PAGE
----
How much is China testing its digital currency?

Since launching a trial of its digital yuan program two years ago, China’s plan has so far become a source of concern for many of the country’s critics, highlighting how it could further fuel the capabilities of monitoring of China. However, it has also encouraged other central banks to explore the potential of centralized e-money in the age of digitalization.

Digitize the Yuan

The digital yuan, also known as e-CNY and officially called Digital Currency Electronic Payment, is issued by the People’s Bank of China (PBoC) and has the same value as the . It is the first of its kind in the world and aims to create a new form of currency to meet consumer demand for cash for online transactions.

According to a white paper published by China’s central bank last year,

“The e-CNY system will strengthen China’s digital economy, improve financial inclusion, and make monetary and payment systems more efficient.”

The PBOC began researching a digital currency as early as 2014, and since the digital yuan app launched on app stores in China in January, the payment method has gained popularity among Chinese consumers. China has also accelerated the rollout of digital yuan trials to more cities in time for the 2022 Winter Olympics and Paralympics earlier this year.

e-CNY has since been used in various applications, including wholesale and retail trade, catering, tourism and administrative fee payment, extending its use to offline transactions. Users can simply touch their phone to payment terminals in physical stores using QR codes or Near Field Communication (NFC).

By the end of 2021, China’s digital yuan transactions reached nearly 87.57 billion yuan ($13.17 billion).

AliPay, WeChat Pay integration

China’s central bank has also integrated e-CNY into China’s two most dominant mobile payment platforms: Tencent Holdings (OTC:) WeChat Pay and AliPay through Alibaba Group’s (NYSE) fintech subsidiary Ant Group. Platforms have recently started accepting payments made via e-yuan.

The move came as Beijing imposed tougher regulations on the fintech sector in a bid to crack down on monopolies and money laundering using mobile payment apps.

Not a cryptocurrency

While China has quietly explored building a blockchain platform to facilitate the deployment of blockchain technology for businesses, e-CNY is not part of the plan. The digital yuan is not a cryptocurrency.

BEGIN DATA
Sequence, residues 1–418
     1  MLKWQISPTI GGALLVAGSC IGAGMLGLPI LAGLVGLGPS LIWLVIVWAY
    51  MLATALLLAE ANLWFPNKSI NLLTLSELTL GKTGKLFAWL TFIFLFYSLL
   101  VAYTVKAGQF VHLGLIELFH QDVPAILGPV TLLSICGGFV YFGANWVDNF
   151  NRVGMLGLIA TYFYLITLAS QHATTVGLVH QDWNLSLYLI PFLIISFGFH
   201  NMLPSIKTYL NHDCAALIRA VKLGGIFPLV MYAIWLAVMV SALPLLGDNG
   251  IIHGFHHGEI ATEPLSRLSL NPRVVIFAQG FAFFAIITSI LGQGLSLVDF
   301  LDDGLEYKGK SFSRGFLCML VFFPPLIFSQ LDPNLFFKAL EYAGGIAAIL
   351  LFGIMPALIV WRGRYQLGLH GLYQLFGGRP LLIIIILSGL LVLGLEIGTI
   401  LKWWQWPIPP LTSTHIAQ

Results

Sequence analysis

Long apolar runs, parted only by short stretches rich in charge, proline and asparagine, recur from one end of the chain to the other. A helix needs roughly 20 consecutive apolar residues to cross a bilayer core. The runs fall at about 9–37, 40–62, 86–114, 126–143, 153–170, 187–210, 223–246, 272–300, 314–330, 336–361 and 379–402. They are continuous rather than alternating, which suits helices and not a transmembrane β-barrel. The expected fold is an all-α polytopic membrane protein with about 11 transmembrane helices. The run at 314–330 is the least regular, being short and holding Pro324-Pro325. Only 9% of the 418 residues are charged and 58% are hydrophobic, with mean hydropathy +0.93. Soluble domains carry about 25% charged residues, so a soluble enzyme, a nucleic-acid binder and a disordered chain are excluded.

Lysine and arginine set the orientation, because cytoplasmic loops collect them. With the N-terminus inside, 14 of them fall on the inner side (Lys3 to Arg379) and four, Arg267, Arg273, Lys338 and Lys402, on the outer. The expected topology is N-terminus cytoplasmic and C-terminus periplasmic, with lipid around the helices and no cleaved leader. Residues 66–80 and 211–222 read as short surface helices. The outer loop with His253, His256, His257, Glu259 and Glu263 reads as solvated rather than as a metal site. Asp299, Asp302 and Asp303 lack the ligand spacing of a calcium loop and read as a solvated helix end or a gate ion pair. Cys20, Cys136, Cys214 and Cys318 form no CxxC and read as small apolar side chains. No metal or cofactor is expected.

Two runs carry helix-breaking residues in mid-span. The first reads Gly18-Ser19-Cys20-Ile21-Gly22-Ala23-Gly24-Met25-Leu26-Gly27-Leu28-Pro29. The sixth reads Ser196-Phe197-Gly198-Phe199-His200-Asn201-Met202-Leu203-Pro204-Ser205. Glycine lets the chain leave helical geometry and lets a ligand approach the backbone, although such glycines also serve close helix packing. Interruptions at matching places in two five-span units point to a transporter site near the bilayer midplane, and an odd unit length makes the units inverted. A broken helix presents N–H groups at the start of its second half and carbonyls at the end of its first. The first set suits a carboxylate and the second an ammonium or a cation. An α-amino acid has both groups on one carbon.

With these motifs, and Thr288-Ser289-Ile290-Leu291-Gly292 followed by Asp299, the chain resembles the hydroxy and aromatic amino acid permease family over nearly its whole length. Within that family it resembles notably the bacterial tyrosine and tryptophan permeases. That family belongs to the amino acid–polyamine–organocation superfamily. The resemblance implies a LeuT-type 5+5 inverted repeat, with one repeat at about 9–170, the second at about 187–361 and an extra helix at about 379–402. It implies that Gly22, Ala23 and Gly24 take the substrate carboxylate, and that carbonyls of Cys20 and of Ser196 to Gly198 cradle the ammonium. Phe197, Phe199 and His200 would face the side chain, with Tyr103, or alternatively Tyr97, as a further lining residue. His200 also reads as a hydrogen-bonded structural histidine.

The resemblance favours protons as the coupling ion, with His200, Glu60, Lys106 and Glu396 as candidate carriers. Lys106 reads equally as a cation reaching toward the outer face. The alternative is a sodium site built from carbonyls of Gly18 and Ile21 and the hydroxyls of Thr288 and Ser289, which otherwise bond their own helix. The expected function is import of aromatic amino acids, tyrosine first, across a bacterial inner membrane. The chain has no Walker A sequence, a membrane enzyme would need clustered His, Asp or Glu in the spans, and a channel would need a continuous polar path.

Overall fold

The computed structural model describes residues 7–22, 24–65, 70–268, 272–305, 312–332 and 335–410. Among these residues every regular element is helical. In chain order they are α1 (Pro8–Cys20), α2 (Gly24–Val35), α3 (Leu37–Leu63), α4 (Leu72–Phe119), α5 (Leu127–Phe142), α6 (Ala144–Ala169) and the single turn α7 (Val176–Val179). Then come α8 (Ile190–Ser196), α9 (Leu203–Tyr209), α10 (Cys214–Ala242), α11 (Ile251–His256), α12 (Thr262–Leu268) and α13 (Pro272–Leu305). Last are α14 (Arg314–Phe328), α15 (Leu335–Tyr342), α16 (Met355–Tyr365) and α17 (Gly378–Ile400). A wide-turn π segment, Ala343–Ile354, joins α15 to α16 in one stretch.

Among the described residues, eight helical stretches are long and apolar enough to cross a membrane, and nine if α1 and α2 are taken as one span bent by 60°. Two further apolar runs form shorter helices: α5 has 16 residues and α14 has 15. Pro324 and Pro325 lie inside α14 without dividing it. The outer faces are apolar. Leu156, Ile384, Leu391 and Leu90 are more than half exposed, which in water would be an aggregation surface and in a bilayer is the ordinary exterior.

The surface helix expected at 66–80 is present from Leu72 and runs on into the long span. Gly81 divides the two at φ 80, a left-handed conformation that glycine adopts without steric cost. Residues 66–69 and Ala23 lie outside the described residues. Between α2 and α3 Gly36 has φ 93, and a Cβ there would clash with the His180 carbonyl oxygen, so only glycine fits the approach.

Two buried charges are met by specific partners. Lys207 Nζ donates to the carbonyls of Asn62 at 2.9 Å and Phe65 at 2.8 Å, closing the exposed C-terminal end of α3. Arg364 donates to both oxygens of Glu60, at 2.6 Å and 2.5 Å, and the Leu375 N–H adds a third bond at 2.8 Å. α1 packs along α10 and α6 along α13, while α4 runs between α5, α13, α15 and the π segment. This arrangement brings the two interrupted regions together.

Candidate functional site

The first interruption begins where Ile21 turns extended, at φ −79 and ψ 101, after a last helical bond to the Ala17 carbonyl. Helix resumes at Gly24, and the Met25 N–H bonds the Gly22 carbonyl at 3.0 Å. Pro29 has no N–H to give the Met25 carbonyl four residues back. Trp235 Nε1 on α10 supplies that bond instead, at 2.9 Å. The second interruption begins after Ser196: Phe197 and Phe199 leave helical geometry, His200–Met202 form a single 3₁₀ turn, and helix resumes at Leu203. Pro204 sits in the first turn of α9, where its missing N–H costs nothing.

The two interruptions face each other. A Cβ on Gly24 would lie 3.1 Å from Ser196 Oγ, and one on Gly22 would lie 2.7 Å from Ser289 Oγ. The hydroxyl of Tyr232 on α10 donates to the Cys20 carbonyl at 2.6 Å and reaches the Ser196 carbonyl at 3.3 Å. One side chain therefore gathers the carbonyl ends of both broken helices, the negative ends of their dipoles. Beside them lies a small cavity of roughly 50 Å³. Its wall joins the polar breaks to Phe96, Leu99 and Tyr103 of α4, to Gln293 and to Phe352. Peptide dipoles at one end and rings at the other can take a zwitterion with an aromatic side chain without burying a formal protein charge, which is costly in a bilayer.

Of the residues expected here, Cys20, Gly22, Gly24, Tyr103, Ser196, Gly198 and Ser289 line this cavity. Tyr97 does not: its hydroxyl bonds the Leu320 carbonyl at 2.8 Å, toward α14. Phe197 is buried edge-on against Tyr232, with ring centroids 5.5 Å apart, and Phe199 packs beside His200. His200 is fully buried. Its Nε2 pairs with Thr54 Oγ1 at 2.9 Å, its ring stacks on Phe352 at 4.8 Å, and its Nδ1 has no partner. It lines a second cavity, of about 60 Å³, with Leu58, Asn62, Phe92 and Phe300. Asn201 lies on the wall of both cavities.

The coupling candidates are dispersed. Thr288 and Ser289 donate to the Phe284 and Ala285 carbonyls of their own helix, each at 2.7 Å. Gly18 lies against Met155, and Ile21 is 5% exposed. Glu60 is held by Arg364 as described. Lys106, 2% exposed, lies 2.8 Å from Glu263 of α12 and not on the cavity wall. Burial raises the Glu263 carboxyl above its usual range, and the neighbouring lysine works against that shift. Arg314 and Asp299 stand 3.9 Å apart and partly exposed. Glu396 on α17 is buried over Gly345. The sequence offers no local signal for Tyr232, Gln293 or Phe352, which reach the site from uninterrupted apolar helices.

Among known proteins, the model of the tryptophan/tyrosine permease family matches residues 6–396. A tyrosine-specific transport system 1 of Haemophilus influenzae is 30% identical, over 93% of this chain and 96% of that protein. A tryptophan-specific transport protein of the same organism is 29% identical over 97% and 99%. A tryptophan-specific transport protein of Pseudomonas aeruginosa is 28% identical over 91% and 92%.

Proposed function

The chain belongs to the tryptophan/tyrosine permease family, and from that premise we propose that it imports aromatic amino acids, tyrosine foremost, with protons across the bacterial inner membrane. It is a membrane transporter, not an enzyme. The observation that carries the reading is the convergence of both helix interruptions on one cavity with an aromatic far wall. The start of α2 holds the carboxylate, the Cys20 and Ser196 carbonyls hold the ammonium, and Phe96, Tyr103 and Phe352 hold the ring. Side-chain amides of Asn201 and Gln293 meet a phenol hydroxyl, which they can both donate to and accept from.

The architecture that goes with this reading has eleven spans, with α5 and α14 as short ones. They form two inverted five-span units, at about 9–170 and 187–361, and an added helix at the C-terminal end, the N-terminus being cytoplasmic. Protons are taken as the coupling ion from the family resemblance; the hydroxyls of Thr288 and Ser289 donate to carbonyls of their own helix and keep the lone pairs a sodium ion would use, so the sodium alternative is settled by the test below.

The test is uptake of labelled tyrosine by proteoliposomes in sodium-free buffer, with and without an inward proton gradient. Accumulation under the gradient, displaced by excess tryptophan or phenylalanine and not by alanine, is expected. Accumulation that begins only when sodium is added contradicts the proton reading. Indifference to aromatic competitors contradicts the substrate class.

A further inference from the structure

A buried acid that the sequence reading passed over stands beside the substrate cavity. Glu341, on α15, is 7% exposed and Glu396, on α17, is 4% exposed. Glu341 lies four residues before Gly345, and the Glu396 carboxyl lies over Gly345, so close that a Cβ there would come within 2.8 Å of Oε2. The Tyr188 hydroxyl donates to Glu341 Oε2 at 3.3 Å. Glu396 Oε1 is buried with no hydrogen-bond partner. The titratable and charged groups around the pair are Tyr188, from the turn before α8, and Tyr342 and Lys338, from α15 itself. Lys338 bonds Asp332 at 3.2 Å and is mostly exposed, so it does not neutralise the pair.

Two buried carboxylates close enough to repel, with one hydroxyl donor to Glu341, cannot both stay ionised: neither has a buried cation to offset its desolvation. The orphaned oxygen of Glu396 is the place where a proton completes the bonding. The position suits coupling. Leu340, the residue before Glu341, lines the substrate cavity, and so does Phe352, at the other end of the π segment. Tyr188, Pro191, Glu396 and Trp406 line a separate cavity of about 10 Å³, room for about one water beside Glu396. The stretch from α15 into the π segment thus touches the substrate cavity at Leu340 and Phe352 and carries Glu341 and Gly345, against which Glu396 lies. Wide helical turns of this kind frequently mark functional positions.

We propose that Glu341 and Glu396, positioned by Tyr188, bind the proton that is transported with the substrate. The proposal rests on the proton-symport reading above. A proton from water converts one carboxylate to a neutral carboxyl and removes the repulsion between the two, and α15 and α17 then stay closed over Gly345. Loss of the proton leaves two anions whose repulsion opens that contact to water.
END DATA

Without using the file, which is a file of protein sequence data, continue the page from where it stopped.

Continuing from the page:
Beijing has repeatedly warned of the potential risks to financial security and social stability associated with cryptocurrencies such as . He went so far as to order the closure of companies that provide software services for cryptocurrency trading, asking AliPay and WeChat Pay to avoid providing services for virtual currency transactions and to crack down on activities. mining and trading related to bitcoin.

Start the digital currency trend

The rapid introduction and expansion of the Chinese digital yuan has encouraged other central banks to explore the possibility of launching their versions of the e-CNY. A survey conducted by the Bank for International Settlements in 2021 revealed that nine out of 10 out of 81 central banks worldwide are planning to launch their digital currencies.

Skeptical of E-CNY

Still, many financial watchers and governments remain skeptical of the digital yuan, fearing that Beijing is using it as a tool for increased government surveillance. Critics argue that the Chinese Communist Party could use e-CNY as a window into every payment transaction made in China because, unlike cryptocurrencies which use blockchain technology to maintain transaction anonymity, the Chinese digital yuan relies on a centralized ledger that the central bank validates without the need for banks.

Critics have also raised concerns that the e-CNY could undermine the role of a global reserve currency, potentially destabilizing US financial dominance.

That China’s exact plans for the digital yuan go far beyond offering a new payment system for residents, the launch of e-CNY has allowed central banks to explore new ways to make payment systems more convenient for people in the digital age.

Sylvia B. Polson